"Springtime in California, by F. B. Judson, ACL, is an example of what every Kodachrome filmer would be proud to have made, because it studies Nature in her most extensively colorful manifestations, with complete freedom of camera viewpoint, offering closeups, medium shots and long views, all of them richly hued. This film indicates a delicate appreciation of color on the part of its maker, who. having a highly chromatic subject to his hand, did not let it run away with him. but kept it well under control, with the result that he delights with his management of pastel shades, where another might have omitted these and substituted garish footage so easily available in the highly colored California landscape. Mr. Judson is awarded Honorable Mention because he has done a typical thing — a Kodachrome landscape study — with restraint and liveliness, combining two qualities not always found together." Movie Makers, Dec. 1935, 553.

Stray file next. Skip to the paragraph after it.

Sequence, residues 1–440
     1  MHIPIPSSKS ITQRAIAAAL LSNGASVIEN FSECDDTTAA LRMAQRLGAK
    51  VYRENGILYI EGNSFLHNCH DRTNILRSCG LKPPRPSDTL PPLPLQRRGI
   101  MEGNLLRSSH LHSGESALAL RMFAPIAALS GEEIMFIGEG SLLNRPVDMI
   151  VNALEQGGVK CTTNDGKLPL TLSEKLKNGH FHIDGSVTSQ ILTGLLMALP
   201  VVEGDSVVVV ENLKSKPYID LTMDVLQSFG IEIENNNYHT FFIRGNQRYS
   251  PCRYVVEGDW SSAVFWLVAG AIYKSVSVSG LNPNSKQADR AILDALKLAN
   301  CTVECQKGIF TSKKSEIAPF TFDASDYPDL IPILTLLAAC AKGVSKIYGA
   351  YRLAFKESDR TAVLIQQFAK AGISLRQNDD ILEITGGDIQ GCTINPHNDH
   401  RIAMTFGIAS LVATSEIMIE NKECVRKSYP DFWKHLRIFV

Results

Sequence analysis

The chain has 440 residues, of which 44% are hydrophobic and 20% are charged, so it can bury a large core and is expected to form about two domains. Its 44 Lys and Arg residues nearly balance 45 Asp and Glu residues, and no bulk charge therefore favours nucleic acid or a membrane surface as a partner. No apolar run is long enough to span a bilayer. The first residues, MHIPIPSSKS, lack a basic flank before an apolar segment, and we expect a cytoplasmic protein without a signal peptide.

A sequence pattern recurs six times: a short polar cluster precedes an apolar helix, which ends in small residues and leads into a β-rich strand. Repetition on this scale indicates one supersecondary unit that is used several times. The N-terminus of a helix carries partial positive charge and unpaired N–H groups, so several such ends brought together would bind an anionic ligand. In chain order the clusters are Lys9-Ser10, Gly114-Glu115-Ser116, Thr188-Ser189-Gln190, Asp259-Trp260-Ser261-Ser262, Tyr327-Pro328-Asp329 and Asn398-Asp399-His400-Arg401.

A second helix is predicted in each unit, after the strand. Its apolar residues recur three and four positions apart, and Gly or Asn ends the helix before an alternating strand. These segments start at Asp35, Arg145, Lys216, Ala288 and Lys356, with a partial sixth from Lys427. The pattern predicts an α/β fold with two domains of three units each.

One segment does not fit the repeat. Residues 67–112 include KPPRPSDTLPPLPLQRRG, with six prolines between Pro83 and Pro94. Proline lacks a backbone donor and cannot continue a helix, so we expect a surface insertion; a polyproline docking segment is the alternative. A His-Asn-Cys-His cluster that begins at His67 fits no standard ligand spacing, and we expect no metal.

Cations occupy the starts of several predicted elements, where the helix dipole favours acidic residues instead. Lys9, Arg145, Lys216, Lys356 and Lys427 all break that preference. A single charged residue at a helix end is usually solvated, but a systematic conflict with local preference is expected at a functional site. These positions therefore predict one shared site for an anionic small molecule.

"As the snow begins to melt, the sugar maple begins to raise some of the water thru its roots. The rising water picks up a small amount of sugar to feed the tree in its new growth. We have learned how to rob the tree of some of this sweet water which we call sap. We boil off the excess water, leaving a syrup-maple syrup. The picture presents the story of gathering the sap and the reduction to syrup. A sweet subject and nicely handled" PSA Journal, Oct. 1962, 36.
"There Was a Tramp has, at first fade-in, a similarity to other tramp pictures, but the life breathed into the main character is what brings this film out of the ordinary and sets it apart from the rest. The story line becomes almost secondary to the acting of the tramp and his portrayal" PSA Journal, Aug. 1967, 36.
"How tomatoes change from blossom to fruit -- Frame by frame shots of tomato blossom giving birth to tomato -- Care of tomato plants." UC San Diego Library.
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